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Terraforming Mars» Forums » Sessions

Subject: Terraforming Mars: Basic vs Adanced Corporations? rss

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Brendon Faithfull
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Overland Park
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Hey so I played my first game of TM today and my wife and I decided to throw caution to the wind and picked advanced corps knowing that we might lose as a result. The person who was teaching the game picked an advanced corp as well leaving the slightly more green to board games player with the beginner corp.

The beginner corp SMOKED us, and when I had finally played the game and compared the beginner corp to the advanced corps I couldn't possibly fathom a time when I'd pick an advanced one ever again. 42 ME start, 1 production on each, and you don't have to pay for your starting cards!?

There's no way that's balanced, is it? I was expecting the beginner corp to just be easier to execute, but not objectively better, but I can't see a way in which that's not the case here. Is this the way its intended to be? I feel like just the ability to not pay for your starting cards is enough to be on par with the advanced variants much less having a 42 ME start and +1 production to everything.

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Jacob Walker
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I don't have the rulebook or corporations in front of me, but is the +1 production to everything unique to the beginner corporation? I've never played without the expansion cards, but I was under the impression that in the "basic" game, every player starts with one production in everything.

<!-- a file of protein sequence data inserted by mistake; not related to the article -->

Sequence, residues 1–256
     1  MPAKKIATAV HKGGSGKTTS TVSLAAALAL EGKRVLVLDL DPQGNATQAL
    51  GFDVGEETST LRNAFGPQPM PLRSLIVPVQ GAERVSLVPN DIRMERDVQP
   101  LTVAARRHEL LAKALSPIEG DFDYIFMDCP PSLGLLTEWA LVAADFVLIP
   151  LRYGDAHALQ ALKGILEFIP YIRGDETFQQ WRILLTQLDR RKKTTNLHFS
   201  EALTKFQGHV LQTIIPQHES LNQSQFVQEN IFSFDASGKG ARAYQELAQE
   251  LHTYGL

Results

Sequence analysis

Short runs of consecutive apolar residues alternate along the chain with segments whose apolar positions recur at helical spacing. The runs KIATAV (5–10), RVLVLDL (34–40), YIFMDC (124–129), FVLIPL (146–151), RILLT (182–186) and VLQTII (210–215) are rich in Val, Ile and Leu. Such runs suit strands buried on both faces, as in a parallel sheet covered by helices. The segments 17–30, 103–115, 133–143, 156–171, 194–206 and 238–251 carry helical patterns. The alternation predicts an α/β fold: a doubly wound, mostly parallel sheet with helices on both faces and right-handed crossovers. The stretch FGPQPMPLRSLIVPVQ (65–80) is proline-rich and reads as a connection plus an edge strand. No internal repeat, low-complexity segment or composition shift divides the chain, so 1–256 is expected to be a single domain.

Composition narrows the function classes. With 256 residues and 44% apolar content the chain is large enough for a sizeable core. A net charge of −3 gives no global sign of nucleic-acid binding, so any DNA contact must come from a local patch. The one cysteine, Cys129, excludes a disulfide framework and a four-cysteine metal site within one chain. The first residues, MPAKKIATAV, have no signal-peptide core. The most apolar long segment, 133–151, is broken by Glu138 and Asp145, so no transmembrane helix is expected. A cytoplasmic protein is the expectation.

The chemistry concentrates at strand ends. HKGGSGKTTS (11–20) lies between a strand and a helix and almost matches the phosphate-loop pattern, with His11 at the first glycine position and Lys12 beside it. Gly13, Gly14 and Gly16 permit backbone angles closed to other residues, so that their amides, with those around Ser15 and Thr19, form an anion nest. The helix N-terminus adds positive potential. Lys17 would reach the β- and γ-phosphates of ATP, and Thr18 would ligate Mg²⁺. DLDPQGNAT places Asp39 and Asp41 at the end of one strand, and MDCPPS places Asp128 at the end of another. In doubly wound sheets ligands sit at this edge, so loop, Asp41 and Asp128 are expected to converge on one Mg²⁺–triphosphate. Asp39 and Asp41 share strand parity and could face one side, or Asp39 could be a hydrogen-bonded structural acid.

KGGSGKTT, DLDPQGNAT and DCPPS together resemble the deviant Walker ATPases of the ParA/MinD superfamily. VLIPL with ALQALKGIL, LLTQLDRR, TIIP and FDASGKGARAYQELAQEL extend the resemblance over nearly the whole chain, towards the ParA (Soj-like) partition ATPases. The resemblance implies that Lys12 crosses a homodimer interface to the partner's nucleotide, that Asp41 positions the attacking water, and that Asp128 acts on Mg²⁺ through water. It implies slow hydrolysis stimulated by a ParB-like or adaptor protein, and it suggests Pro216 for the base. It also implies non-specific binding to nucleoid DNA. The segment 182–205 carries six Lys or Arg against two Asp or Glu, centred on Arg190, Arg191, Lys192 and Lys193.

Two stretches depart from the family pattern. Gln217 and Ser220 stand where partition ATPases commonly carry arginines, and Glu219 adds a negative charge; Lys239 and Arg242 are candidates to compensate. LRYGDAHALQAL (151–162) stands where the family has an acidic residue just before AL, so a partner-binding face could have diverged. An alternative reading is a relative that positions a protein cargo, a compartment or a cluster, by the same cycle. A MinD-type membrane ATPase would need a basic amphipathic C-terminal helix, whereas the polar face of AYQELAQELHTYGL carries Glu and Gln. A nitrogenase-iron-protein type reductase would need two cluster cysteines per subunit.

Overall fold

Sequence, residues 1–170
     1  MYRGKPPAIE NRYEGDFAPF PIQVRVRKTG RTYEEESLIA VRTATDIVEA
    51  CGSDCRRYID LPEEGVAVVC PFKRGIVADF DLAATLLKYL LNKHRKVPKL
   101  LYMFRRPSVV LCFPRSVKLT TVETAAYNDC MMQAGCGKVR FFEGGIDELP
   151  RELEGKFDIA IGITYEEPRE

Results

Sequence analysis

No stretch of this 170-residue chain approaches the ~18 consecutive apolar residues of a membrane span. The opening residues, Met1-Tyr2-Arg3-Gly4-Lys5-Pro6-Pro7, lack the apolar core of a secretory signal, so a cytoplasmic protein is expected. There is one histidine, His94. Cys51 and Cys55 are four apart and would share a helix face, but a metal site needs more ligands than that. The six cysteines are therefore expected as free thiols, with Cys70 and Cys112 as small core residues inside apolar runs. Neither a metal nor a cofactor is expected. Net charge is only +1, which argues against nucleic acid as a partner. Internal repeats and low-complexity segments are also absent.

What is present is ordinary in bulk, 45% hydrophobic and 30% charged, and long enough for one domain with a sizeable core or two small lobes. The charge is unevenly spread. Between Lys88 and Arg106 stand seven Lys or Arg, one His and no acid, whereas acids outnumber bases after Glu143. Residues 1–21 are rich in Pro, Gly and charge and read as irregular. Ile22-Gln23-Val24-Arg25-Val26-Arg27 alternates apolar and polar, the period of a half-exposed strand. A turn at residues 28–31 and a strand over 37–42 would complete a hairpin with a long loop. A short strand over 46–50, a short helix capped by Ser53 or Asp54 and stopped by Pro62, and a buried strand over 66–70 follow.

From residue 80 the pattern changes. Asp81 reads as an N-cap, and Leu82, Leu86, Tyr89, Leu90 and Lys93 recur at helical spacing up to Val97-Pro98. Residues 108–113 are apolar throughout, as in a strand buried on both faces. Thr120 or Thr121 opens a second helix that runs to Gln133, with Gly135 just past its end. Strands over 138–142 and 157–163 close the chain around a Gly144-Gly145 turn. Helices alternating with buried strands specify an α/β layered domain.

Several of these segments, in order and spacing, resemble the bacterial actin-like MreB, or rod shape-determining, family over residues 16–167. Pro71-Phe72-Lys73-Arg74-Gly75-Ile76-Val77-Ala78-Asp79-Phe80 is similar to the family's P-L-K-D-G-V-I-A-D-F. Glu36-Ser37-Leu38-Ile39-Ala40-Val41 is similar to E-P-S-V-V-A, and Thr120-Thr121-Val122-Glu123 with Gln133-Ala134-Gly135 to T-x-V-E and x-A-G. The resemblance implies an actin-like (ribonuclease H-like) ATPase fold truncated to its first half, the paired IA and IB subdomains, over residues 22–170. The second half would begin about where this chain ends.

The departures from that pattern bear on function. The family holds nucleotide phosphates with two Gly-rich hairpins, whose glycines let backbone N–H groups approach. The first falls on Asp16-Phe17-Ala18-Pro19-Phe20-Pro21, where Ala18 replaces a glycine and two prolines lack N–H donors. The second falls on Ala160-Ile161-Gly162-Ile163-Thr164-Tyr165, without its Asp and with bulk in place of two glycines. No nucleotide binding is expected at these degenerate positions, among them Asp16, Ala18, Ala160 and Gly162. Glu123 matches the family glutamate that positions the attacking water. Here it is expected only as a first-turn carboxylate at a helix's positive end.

My general impression of the beginner corporations is that they are probably vastly under powered in comparison to their advanced counterparts. Sure they start with a lot of money and a lot of cards they don't have to pay for, but that doesn't mean the cards will work well together, at which point the dead weight cards are basically just a credit a piece. The advanced corporations all have benefits throughout the game, instead of a very slightly accelerated start.
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Jonathan Fryxelius
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The 1 production per resource is NOT linked to the Beginner Corporation, but to the STANDARD GAME. In every game, either all players have it or none. The Beginner Corporation has the advantage of starting with lots of money and not having to choose which cards to keep. That's it.
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Love Nilsson
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Trelleborg
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Either you play a basic game where everyone gets +1 production of all resources at start, or you include Corporate Era in which case no one does.

Edit: Yes, Jonathan has it right.
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Jacob Fryxelius
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About balance.